25 General, thank you very much for your assistance and for
1 answering the questions.
2 I'm just reminded, if I could tender 65 ter 1231, the document on
3 the screen, and then I will formally conclude my cross-examination.
4 MR. KEHOE: No objection, Mr. President.
5 JUDGE ORIE: Mr. Registrar.
6 THE REGISTRAR: Your Honours, that becomes Exhibit P2602.
7 JUDGE ORIE: And is admitted into evidence.
8 Has the cross-examination triggered any need to put further
9 questions to the witness?
10 MR. KEHOE: No, Mr. President.
11 JUDGE ORIE: Mr. Kuzmanovic.
12 MR. KUZMANOVIC: No, Your Honour. Thank you.
13 [Trial Chamber confers]
14 JUDGE ORIE: I may have one or more questions for you. Let me
15 first find the relevant portion of the transcript.
16 Questioned by the Court:
17 JUDGE ORIE: Yes. I would like to ask you the following.
18 Mr. Kuzmanovic added two facts to the list of facts and asked whether it
19 would further complicate matters. The first fact would be that after
20 Operation Storm was concluded, that there was still a war going on in
21 neighbouring Bosnia and Herzegovina.
22 Now, looking at the list of facts that were put to you, and I'm
23 referring to page 20, under T and U, that the VRS organises military
24 operations against General Gotovina's forces in Bosnia, and that on or
25 about the 12th of August, General Mladic launches a counteroffensive
1 against HV forces never the Croatian-Bosnian border, would that first
2 fact not already, in your view, having been among those facts that you
3 had considered in drawing your conclusions?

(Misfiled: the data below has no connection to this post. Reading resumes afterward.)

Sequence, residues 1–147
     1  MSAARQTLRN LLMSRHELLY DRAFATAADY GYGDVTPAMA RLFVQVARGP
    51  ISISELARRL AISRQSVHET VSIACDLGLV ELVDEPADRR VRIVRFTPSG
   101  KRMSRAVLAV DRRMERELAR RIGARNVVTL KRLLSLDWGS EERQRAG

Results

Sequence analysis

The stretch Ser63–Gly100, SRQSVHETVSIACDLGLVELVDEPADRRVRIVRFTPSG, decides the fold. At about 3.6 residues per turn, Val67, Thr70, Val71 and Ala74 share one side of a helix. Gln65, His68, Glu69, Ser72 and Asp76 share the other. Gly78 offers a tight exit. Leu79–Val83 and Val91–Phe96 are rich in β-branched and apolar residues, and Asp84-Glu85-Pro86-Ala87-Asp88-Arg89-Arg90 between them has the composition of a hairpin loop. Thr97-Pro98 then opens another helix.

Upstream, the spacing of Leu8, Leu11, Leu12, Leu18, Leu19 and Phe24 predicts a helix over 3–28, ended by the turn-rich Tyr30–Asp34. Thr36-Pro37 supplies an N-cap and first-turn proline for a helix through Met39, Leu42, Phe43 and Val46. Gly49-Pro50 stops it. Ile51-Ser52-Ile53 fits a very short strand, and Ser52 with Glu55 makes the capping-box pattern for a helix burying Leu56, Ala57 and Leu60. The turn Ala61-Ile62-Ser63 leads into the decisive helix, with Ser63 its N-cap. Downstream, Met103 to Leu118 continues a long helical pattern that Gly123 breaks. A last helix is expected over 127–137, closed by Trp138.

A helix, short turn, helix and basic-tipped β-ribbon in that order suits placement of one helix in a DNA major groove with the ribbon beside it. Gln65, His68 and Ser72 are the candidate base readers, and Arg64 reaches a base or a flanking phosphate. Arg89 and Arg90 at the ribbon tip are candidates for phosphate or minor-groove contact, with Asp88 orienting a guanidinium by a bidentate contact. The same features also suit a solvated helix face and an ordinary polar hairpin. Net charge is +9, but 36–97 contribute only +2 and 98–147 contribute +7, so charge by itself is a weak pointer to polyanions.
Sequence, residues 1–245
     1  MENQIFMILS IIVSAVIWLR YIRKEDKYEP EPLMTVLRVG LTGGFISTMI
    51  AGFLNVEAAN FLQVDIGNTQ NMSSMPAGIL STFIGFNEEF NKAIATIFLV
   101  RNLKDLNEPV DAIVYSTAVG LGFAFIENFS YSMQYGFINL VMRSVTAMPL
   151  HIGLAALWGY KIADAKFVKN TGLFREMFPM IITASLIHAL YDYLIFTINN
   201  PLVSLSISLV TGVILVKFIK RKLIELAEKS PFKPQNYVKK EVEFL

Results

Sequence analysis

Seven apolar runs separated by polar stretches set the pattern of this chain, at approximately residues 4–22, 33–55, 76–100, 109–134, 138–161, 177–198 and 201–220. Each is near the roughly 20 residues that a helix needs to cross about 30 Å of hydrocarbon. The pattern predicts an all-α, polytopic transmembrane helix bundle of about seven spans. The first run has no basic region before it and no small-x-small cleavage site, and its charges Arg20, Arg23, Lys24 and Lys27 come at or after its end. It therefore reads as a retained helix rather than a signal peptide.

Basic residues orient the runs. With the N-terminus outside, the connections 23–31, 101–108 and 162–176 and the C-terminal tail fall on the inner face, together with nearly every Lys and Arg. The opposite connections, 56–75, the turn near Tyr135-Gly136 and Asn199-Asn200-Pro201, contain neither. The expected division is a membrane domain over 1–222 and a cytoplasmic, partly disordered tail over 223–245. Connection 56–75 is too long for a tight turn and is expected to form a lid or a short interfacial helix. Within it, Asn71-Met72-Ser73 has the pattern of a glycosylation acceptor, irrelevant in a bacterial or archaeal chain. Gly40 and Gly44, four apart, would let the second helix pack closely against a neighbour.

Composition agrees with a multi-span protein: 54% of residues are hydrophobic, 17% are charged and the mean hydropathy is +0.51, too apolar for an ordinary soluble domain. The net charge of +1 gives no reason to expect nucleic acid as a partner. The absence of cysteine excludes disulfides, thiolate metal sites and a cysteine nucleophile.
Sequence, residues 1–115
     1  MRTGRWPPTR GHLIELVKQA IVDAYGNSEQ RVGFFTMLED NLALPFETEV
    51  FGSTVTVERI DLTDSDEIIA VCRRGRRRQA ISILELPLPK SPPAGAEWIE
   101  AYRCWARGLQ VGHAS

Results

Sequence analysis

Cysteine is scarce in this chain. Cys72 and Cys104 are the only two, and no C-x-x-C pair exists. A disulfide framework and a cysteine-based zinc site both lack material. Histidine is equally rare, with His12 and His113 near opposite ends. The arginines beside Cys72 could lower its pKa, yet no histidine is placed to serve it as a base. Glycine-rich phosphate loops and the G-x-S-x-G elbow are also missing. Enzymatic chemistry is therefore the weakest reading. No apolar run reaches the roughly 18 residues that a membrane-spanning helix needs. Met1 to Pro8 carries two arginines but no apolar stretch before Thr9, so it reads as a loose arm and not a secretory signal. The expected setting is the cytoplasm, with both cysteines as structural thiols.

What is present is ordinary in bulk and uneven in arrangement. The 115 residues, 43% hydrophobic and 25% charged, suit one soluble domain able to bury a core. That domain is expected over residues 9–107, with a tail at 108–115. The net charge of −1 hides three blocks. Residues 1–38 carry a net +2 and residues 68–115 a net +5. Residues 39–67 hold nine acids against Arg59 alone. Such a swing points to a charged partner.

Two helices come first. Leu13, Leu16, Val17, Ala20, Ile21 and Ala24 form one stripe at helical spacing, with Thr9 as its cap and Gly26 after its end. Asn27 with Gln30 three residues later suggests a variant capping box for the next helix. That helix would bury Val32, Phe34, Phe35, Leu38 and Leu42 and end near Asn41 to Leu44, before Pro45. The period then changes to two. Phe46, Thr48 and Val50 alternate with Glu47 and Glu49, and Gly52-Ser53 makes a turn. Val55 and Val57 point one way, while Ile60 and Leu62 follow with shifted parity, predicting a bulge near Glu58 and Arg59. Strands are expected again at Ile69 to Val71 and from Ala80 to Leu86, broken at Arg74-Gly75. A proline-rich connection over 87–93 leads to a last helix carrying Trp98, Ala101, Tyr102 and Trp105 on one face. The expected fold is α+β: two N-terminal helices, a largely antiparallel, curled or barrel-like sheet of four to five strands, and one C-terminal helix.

4 A. It was, Your Honour, in that in looking at what needed to be done
5 and the numbers and the resources that were available, recognising that
6 there were events like that happening. Now, again, I think it's
7 important to recognise I'm not aware of how that particular event
8 unfurls. I had within it, assumed that this is, if you like, a regular
9 army counteroffensive. This is not insurgents, this is not banditry,
10 this is a military counteroffensive, and that in the follow-on facts that
11 were presented, General Gotovina defends the line and then continues with
12 his operational -- his operations -- his operation Southern Sweep and so
14 So it is a fact that I was aware of, but in the context of what
15 is going on in post-war operations, the post-conflict, reconstruction,
16 and trying to restore order in the main part of this area of operations,
17 this, to me, is part of the follow-on. Is that --
18 JUDGE ORIE: Yes.
19 A. Is that clear.
20 JUDGE ORIE: Well, I do understand your answer. At the same time
21 that was not the fact that was submitted to you by Mr. Kuzmanovic,
22 because what he gave you as a new fact or perhaps not a new fact is that
23 a war was going on in neighbouring Bosnia and Herzegovina.
24 Which I understood, Mr. Kuzmanovic, that this already
25 demonstrates how fragile these kind of assumptions are, that it was the
1 war in which the same forces that were involved in Operation Storm, at
2 least some of them were involved, but now across the border the war
3 continuing there. And that is something I thought was already